A multi-family cluster of seven confirmed coronavirus cases, including three deaths, in Chicago, were linked to one patient who may have infected others at a funeral and birthday party.
The cluster — which likely also included nine more patients who experienced coronavirus symptoms, but were not tested — spread in less three weeks from February into March, according to the Centers for Disease and Control and Prevention, who on Wednesday released a report on the outbreak.
Those who were affected ranged in age from 5 to 86 years old.
“In this cluster, two family gatherings outside the household likely facilitated the spread of SARS-CoV-2,” the CDC said in their report.
“One index patient who attended both events likely triggered a chain of transmission that included 15 other confirmed and probable cases of COVID-19 and ultimately resulted in three deaths.”
It began when the first patient, described by the CDC as the “index patient,” had dinner with two close friends over the course of three hours the night before a funeral all three attended.
The index patient, who wasn’t identified by gender or age, had recently came back from out of state and “was experiencing mild respiratory symptoms.”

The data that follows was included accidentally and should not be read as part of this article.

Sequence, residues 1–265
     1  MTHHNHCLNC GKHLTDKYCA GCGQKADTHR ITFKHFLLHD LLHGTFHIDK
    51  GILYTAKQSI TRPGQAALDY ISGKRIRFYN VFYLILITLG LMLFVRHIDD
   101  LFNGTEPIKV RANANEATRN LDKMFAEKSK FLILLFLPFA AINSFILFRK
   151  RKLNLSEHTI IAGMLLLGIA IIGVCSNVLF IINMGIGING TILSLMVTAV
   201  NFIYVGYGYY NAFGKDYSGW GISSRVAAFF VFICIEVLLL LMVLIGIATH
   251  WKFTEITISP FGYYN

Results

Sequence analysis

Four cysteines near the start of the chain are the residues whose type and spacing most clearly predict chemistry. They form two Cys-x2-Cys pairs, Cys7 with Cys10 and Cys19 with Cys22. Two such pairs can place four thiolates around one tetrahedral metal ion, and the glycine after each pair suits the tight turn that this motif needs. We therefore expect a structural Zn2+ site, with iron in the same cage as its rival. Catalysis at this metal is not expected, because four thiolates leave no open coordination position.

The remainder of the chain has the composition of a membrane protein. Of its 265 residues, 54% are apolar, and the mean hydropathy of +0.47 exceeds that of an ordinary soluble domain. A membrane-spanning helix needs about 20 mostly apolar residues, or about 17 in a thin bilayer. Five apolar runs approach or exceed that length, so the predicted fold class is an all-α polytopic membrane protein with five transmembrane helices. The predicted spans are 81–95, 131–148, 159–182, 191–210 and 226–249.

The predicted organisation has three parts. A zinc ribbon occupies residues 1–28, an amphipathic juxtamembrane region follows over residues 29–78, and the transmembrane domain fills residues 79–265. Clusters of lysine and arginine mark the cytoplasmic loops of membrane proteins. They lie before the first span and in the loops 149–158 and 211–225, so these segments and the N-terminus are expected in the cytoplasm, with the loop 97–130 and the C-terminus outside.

The two friends from dinner, and two more who hugged the “index patient” the next day at the funeral, all eventually developed coronavirus symptoms.
The friends from dinner, whose symptoms arose just days later, tested positive for the coronavirus. Eleven days after the shared meal, one of them was hospitalized and then died 17 days later.
Three days after the funeral, the initial patient attended a three-hour-long birthday party with nine other family members, according to the CDC, with all in close contact.
Within seven days after the party, seven of the partygoers developed coronavirus symptoms. Three of the cases would be confirmed — with two of them dying.
Three other people developed coronavirus symptoms, with one confirmed case, who did not attend the party.
Two of the patients had cared for one of the people who died from the party, while the other sat near three of the birthday party attendees at church.
Most reported person-to-person transmissions of coronavirus have occurred within homes and among health care workers.
The Chicago cluster may indicate the ability of the coronavirus to widely spread beyond close contacts, the report said.
“Together with evidence emerging from around the world, these data shed light on transmission beyond household contacts, including the potential for super-spreading events.
“Overall, these findings highlight the importance of adhering to current social distancing recommendations, including guidance to avoid any gatherings with persons from multiple households and following state or local stay-at-home orders,” the CDC’s report concluded.
Source: Read Full Article